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Japanese “Lava Tarts” Might Melt Your Heart

Cheesecake is one of the ultimate indulgences (and one of my favorite desserts), usually combining the heavy smoothness of soft cheeses and the sweet taste of fruits or sugary confections. If you’re a fan of the cheesy dessert but find the sweetness overbearing, then this news from Japan might excite you.

Pablo, a shop located in the Shibuya district of Tokyo, makes hot cheese tarts that can be cooked to different levels just like steak. Masamitsu Sakimoto’s inventiveness with his pastries follows the culinary principal of odorokashi. “Odorokashi represents the idea that just having delicious products is not enough; there must be an element of surprise in the textures and appearances of products to create interest,” he told the Philippine Daily Inqiurer. By baking the cheese tarts on a spectrum of finishes like steak, the Pablo tarts achieve a range of different textures. Sakimoto’s originality proved successful, as the shop recently opened its first storefront in Manila, Philippines, the first expansion outside of Japan.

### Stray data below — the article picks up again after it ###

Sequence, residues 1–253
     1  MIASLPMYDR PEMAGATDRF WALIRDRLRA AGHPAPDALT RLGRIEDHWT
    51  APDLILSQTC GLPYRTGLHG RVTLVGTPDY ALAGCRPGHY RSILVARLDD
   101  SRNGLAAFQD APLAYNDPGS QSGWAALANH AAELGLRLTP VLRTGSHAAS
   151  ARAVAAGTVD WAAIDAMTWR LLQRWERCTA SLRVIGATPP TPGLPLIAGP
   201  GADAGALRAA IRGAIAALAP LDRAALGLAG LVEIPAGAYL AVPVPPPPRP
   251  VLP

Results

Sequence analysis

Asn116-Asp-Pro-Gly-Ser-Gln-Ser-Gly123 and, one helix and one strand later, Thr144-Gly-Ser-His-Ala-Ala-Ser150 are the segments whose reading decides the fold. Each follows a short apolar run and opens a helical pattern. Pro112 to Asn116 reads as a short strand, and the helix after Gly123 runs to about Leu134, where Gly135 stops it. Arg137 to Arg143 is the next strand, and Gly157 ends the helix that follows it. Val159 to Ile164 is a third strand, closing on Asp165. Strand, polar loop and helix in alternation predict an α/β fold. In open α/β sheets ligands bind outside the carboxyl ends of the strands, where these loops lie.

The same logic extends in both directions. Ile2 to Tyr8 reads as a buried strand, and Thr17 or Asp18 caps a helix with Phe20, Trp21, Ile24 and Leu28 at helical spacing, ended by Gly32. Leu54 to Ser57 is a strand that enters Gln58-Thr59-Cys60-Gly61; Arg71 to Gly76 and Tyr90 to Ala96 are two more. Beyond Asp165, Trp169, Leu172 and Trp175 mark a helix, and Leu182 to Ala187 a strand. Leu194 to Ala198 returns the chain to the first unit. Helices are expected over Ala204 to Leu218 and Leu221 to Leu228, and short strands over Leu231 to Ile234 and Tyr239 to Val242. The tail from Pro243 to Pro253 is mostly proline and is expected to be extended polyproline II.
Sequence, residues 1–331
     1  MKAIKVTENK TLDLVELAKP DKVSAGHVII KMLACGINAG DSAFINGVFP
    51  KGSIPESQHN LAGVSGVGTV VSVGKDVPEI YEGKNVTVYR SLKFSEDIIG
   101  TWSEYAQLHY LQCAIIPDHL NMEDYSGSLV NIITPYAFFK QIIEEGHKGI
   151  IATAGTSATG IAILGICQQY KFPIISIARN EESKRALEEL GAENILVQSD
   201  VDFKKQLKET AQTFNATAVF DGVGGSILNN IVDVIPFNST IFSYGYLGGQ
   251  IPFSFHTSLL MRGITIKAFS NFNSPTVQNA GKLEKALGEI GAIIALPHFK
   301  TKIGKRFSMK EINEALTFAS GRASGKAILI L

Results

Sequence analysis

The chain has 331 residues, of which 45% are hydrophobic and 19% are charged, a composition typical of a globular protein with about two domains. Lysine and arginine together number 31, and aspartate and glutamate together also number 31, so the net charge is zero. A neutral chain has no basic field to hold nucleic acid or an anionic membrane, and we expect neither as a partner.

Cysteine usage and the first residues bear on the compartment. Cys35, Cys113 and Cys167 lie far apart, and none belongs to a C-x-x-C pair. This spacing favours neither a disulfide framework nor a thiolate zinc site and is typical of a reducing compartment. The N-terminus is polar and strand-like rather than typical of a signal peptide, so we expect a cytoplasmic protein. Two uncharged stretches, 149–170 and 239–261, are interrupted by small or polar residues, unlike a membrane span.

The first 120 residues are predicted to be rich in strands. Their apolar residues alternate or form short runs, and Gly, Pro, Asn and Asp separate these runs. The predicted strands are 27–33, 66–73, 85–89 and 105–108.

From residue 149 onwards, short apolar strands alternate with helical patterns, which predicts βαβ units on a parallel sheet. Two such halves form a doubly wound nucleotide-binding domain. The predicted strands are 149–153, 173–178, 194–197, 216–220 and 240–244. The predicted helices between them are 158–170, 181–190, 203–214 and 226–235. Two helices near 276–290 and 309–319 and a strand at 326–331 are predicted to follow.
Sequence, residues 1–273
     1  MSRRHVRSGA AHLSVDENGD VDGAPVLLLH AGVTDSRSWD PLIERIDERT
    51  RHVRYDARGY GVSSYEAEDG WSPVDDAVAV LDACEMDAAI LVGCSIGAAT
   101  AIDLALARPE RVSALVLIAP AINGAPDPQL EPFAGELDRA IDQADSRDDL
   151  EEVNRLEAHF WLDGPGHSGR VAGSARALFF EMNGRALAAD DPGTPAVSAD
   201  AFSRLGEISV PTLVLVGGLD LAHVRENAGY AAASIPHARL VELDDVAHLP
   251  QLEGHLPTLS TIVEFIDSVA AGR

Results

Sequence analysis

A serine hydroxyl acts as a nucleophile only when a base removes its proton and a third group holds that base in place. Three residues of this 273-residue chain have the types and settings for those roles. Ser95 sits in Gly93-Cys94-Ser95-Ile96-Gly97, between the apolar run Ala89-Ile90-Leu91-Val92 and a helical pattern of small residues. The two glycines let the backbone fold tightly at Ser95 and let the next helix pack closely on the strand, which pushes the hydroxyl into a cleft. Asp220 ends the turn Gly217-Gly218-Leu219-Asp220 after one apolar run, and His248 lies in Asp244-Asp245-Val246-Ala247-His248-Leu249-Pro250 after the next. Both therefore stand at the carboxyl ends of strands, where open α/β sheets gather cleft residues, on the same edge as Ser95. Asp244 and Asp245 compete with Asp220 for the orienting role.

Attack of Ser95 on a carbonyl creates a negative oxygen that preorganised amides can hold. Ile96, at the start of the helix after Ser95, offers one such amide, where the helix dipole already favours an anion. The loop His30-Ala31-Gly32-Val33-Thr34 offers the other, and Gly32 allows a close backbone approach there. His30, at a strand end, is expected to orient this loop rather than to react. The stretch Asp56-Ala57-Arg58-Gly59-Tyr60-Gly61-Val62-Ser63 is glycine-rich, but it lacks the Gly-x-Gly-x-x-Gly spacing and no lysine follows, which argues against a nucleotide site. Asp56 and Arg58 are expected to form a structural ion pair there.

Sakimoto’s Pablo cheese tarts are a unique take on the larger trend of “lava tarts”, a hot dish that lands somewhere between a traditional savory cheese tart and a cheesecake. This style of tart’s signature melty texture comes from a mixture of soft cheeses. While no shop has officially released their recipe, many online bakers have created their own versions.

The tarts usually consist of cream cheese and marscapone, mixed with egg, cream, and sugar to achieve a custardy texture. According to BAKE, a popular “lava tart” shop, cream cheeses from Hakodate (a large city on Hokkaido, Japan’s northernmost prefecture) have a mild flavor which balances out other cheeses used in the tart. You can use a variety of other cheeses to produce more tart, salty, or sweet flavors, depending on the desired result.

While it doesn’t look like the brand is expanding to the US anytime soon (they’re just starting to spread to Hong Kong and Malaysia), there are many home recipes online—and you can substitute your favorite cheese for a unique twist!

Feature Photo Credit: Norio Nakayama | cc

Casey Walker

​Casey Walker is a Boston-based writer, constantly scoping out new recipes and restaurants.

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